From his selection in 1981, elements in the Labour Party goaded on by their former colleagues now in the SDP tried to get rid of Tatchell – trying to rule him out as a candidate in Bermondsey. In 1981, Tatchell penned an article on his political views that advocated direct action against the Thatcher government.
The inappropriately named Labour turned SDP MP James Wellbeloved rose to his feet in parliament and asked Margaret Thatcher – and Labour leader Michael Foot – to denounce this call for extra-parliamentary action. What Tatchell had written was no different to what many MPs and Labour activists advocated at that time but the vehemence towards him was, to my mind, very much tinged with the casual homophobia of the era. There was a sneering vitriol employed towards him – and he’s spoken since of the threats he faced as a candidate.
Michael Foot, in a reaction that even surprised me at the time, denounced Tatchell and said he would never be accepted into the Labour Party, let alone run as a candidate. Needless to say those words and no doubt his hat were force fed to the party leader at a later date as Tatchell did indeed run – though he would be defeated by Liberal Simon Hughes (who subsequently declared his own sexuality decades later).
Here’s James Wellbeloved in action…
Well, for most of the time it was adulation in the 70s and 80s but Bowie wasn’t immune to criticism – particularly in the late 70s and early 80s when everything from his political views to musical relevance came under post-punk scrutiny. Here is flattering front page from the US new wave magazine Trouser Press but underneath is a less flattering letter in a British teen mag.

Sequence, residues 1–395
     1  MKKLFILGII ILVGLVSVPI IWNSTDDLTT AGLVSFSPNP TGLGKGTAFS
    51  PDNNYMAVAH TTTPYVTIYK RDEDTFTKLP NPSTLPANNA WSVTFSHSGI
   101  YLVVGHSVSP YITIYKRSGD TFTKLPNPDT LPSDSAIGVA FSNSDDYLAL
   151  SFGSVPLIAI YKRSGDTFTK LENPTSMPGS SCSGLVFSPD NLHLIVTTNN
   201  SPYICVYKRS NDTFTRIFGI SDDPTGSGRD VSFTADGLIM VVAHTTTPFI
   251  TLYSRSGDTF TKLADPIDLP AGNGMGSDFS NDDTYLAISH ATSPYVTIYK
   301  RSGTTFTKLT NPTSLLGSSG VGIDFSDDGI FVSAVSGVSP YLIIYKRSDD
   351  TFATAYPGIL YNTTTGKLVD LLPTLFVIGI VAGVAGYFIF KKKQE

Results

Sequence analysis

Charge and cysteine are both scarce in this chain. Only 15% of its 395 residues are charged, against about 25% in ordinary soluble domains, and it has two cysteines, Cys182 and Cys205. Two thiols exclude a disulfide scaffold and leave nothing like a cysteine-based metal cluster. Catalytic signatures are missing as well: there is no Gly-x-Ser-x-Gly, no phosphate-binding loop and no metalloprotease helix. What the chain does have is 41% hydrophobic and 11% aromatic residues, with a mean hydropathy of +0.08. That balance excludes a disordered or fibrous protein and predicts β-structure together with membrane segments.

Sussex University is compiling an online archive of news and ephemera from the 1980s called ‘Observing the 80s’ – a joint project between the Mass Observation Project, the British Library Oral History Collections and the University of Sussex Library. Click HERE for the related blog.
As I stood in the Strand, central London, she drifted past…
London and the south east had a swing to the Tories in 1979 that was 50% higher than the rest of the country. The GLC was already in Tory hands under the leadership of Horace Cutler. He was looking forward to a close working relationship with Thatcher around issues that would eventually move in his direction: the development of Canary Wharf, sale of council houses, the Jubilee line and a third airport. Cutler also thought his party would support an Olympics bid for 1988.
The GLC had traditionally been heavily involved in the provision of social housing but Cutler handed over stock to local boroughs and pushed for council house sales ahead of Thatcher coming to power and in the teeth of opposition from Labour, the left and housing groups.
Cutler believed London had given the Tories a huge endorsement and looked forward to a “happy time”. Unfortunately for him, Londoners turned on Cutler’s Conservatives in 1981 after two years of recession and the GLC ended up with Labour in control and Ken Livingstone.
Livingstone was able to link up with other Labour held metropolitan authorities like Merseyside and South Yorkshire. These sprawling urban councils had swung to Labour in 1979, defying the Thatcherite wave. The prime minister got her revenge in 1986 when she abolished all these authorities including the GLC.
Here is a punk rant against Cutler’s GLC from The Members